The most important point to remember about terracotta clay pots is, as previously mentioned, the fact that they are porous. Paint will soak into the clay surface. And depending on how you plan to use them, you need to make some decisions about whether to prime them or not. Some paints and primers will affect their breathability. Other products can make the pots waterproof or water resistent. The soil in a waterproofed pot will hold much more moisture than an untreated pot. Sometimes it is better to not mess with the breathability by waterproofing them. Hmmmm???
Chalk paint was dabbed onto the pots below with the tips of a paint brush. When dry, they were washed with watered down paint. (See directions for washing clay pots below)
Preparing the Clay Pots for Painting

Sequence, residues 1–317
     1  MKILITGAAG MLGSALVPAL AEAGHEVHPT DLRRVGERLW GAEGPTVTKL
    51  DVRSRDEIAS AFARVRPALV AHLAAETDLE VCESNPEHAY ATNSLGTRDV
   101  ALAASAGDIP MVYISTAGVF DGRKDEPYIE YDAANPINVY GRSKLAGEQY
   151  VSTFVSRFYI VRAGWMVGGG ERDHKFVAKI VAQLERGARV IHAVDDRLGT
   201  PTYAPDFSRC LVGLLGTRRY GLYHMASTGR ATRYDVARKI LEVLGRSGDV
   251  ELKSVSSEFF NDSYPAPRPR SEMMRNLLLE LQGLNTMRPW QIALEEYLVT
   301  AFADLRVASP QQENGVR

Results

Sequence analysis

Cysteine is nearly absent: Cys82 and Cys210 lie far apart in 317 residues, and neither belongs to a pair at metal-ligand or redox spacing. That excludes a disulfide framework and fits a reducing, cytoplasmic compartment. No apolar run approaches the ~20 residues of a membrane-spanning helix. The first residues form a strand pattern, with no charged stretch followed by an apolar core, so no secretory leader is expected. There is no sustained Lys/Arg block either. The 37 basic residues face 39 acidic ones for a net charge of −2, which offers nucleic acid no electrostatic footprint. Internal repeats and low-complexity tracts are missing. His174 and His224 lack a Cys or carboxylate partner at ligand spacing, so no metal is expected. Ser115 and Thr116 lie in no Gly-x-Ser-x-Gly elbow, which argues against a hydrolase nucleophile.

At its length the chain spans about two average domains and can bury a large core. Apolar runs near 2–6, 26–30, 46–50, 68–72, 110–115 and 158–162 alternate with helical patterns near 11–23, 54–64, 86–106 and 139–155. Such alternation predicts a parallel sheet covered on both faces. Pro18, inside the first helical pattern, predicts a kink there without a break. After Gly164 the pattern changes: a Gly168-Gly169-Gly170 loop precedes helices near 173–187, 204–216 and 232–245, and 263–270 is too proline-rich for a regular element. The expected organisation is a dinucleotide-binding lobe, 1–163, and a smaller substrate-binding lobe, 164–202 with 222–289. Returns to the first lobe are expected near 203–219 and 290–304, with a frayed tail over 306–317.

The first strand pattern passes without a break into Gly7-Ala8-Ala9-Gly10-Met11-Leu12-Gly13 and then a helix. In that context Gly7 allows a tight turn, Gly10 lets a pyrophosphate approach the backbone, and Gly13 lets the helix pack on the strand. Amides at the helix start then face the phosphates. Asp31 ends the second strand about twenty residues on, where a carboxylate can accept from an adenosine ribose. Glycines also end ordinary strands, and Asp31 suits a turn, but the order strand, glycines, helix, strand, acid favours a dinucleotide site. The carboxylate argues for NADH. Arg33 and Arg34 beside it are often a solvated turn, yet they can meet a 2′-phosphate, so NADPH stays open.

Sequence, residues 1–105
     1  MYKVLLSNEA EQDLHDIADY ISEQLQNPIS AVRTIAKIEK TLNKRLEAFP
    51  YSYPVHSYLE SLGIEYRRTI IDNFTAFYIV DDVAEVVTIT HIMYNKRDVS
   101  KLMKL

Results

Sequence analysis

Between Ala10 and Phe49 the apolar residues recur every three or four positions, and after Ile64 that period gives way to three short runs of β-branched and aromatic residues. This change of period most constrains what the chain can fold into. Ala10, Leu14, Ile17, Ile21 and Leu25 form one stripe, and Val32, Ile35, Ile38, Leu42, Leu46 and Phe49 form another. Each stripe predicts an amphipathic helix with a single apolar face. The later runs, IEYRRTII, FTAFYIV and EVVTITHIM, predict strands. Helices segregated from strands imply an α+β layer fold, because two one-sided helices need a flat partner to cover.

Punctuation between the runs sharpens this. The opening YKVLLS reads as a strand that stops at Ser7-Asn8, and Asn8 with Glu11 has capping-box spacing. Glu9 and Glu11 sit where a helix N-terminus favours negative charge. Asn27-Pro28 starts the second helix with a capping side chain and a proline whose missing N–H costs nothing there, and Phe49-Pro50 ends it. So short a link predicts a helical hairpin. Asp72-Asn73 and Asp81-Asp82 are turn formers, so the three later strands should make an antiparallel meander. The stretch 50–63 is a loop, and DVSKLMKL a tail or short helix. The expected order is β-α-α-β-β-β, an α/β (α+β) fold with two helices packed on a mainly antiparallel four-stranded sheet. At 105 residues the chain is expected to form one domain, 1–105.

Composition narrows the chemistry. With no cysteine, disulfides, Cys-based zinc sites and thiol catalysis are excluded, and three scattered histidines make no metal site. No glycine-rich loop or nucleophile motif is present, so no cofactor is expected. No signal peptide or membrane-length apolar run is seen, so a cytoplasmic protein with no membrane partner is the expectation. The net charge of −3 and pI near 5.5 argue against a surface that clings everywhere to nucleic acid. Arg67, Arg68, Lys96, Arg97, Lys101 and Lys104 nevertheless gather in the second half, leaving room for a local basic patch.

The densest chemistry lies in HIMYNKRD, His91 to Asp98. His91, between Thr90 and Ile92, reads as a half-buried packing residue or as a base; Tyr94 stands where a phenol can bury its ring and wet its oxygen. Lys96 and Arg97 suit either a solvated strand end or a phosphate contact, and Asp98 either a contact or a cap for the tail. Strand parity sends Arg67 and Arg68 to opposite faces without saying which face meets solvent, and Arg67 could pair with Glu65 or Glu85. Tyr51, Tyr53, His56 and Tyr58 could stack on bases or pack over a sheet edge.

The first step in painting clay pots is to clean them thoroughly so the paint will adhere well and stay attached. It is almost like painting dirt or clay in this case. New and used pots can be cleaned by simply running water over them while lightly scrubbing with a pot brush or scrub brush to remove dust and dirt. Clay pots hold a good amount of moisture so it can take a while for them to completely dry, even if they are new. Placing them in bright sunlight for a couple of days works especially well. It is most important for them to be thoroughly dry before you paint them to ensure success.
Primers and Sealants for Terracotta Pots